Soda taxes don’t lead to lower obesity rates. That’s the finding of a study by UW Madison sociology professor Jason Fletcher. He said higher soda prices might lead to fewer purchases, but that’s not the end of the story.
“They they drink other high calorie beverages which could even include something like orange juice, which could even include something like orange juice, which has very similar calories to soda,” Fletcher said. “In doing that switch from soda to even orange juice, they have the same daily calorie intake, and therefore we didn’t find any effect on obesity.
Fletcher said the study focused mainly on small soda taxes that are being proposed across the country. He also looked at a couple of examples of high soda taxes from the 1990s in Arkansas and Ohio. “We found very little evidence to support that even these relatively big taxes seem to affect obesity,” he said. “Big soda taxes may reduce soda consumption, but people seem to drink other high calorie drinks when they change from soda. They don’t all go drink water.”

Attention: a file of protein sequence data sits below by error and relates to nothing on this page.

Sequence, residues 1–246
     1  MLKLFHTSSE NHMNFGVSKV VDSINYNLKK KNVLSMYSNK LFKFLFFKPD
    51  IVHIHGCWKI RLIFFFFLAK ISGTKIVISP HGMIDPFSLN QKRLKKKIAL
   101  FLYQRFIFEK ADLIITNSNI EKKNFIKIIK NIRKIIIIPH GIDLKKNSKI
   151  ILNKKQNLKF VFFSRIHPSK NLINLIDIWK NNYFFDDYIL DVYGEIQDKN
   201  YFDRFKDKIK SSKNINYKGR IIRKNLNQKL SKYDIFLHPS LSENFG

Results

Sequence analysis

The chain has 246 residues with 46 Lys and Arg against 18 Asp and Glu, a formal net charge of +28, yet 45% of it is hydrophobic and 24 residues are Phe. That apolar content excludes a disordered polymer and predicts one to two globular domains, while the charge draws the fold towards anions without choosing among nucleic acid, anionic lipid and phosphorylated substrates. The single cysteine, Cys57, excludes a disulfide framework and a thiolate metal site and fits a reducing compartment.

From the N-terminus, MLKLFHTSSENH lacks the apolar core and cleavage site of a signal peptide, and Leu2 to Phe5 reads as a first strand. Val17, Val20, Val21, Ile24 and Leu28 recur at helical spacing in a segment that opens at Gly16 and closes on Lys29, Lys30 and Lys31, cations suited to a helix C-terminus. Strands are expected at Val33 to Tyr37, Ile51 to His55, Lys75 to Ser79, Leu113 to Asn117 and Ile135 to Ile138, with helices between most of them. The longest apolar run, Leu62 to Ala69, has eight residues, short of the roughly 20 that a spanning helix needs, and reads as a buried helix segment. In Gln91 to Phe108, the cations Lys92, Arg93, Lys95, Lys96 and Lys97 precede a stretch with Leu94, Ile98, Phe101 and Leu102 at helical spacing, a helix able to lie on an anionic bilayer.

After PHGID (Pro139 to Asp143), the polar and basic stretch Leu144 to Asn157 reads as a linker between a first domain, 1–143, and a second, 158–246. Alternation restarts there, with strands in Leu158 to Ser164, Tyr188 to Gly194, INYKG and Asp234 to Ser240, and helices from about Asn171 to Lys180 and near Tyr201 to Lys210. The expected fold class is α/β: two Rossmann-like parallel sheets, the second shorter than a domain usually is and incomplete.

Some people might not know that Wisconsin has a form of a soda tax, Fletcher said, because most food in the state is not taxed. “Wisconsin moved soda back into the sales tax,” he said. “It’s a little bit of a hidden way to tax soda without it being really clear that you’re taxing soda. Wisconsin is one of the state’s that has about a five percent soda tax.”